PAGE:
This classic autumn event is north Germany’s equivalent of the wine festivals predominant in the south of the country, and is held each year in the second half of September. The Dithmarschen Cabbage Days are a major local initiative. Clubs, associations, businesses, political organisations, administrative departments and private individuals turn this event into a real experience for people coming from near and far.
Two Cabbage Queens wearing the traditional Dithmarschen costume employ their charm and knowledge to guide visitors to this autumn entertainment through a varied programme. The whole district comes alive with colourful farmers’ markets and other typical local events all associated with cabbage.
The extensive vegetable fields with their red or green vegetable heads stretch as far as the eye can see in this healthy North Sea coastal climate. Cabbage has been a significant crop in this region for over 100 years. The systematic cultivation of cabbage was started by Eduard Lass, a gardener from Wesselburen.
The Dithmarschen Cabbage Days are more than a regional event. The whole of north Germany, Lower Saxony, Schleswig-Holstein, Hamburg and Mecklenburg-Vorpommern play an active part in this tradition. From Tuesday to Sunday cabbage is given pride of place on many menus and can also be found decorating numerous shop windows.
“Heiermann” (3 euro) and “Drei-Taler” (5 euro) dishes are available in many of the region’s restaurants throughout the Dithmarschen Cabbage Days. Many visitors have discovered the true taste of cabbage. And many of them take plenty of fresh heads of cabbage with them when they go home so that they can recreate the healthy Dithmarschen diet for themselves.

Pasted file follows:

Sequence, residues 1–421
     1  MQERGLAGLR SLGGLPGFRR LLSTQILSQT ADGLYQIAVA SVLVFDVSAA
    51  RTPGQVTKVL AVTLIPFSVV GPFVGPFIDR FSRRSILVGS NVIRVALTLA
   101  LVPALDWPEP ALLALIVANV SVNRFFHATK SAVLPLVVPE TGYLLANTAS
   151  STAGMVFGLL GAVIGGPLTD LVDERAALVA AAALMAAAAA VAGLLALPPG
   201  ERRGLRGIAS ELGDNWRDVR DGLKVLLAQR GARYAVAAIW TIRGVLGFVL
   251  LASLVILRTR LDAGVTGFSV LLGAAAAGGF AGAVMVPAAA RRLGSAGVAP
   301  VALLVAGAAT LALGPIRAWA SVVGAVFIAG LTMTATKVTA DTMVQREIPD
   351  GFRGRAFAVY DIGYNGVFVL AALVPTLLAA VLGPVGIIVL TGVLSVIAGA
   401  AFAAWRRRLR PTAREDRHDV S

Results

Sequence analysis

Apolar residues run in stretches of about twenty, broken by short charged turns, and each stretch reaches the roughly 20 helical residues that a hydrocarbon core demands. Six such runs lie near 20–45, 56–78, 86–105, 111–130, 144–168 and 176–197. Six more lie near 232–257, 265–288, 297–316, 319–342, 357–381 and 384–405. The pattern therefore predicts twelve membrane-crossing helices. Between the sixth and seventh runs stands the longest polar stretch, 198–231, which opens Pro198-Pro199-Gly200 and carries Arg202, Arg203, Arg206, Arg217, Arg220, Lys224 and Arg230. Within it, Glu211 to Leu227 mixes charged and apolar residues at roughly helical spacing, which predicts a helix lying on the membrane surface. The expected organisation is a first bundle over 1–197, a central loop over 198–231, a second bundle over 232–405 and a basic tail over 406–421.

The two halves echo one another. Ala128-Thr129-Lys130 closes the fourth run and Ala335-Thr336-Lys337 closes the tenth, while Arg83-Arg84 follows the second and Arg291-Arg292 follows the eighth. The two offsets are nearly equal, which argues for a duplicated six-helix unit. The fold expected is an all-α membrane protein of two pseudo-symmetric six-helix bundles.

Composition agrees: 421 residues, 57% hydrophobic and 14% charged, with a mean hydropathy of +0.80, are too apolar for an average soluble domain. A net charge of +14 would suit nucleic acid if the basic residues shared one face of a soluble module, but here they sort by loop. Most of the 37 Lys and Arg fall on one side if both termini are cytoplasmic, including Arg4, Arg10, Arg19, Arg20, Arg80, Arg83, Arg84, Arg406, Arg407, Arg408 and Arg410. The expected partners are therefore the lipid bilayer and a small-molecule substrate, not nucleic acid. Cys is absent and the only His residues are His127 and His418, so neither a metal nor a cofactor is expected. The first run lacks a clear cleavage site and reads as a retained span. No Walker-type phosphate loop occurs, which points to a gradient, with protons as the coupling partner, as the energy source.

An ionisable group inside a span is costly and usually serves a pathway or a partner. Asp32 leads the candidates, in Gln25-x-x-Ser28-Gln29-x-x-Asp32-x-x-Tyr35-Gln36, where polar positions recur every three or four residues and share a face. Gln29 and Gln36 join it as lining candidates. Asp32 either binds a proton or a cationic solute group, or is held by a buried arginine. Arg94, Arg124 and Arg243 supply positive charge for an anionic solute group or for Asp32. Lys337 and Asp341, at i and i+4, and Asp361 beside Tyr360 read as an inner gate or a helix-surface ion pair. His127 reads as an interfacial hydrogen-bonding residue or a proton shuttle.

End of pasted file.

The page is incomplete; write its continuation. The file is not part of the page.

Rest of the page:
The fact that the “poor man’s vegetable” has now become a culinary speciality that is much in demand is due not only to the wide range of cabbage varieties available and to the inventiveness of Dithmarschen chefs, but also to the dedication of local vegetable growers. This healthy vegetable is freshly prepared and served with other tempting regional specialities, including lamb or prawns. Our visitors have plenty of opportunities to taste the local cabbage.
Science has rediscovered homespun medicine and the healing power of cabbage. Its bioactive components are said not only to help protect against breast and prostate cancer, but properly prepared cabbage wraps can also alleviate arthritic pain and, in conjunction with doses of vitamin B12, the symptoms of shingles. Sebastian Kneipp cured ulcers with cabbage leaves and applied them to cuts and burns.
There is just as much vitamin C in this Dithmarschen vegetable as there is in Italian citrus fruits. Cabbage is rich in nerve-strengthening vitamin B, potassium, calcium, sodium and blood-forming iron. Its fibre reduces blood cholesterol in a natural way. There are only 25 calories in 100 grams of white cabbage. Because it is easily digested, the delicate cauliflower, another member of the cabbage family, is often served to invalids and as part of a light diet. Sauerkraut (pickled white cabbage) strengthens the immune system and helps with poor concentration and cardiovascular problems.
Many visitors are soon won over to the health-giving powers of this cruciferous plant: the good North sea climate and the high quality of cabbage are reason enough to visit the Dithmarschen region between Hamburg and Sylt time and again.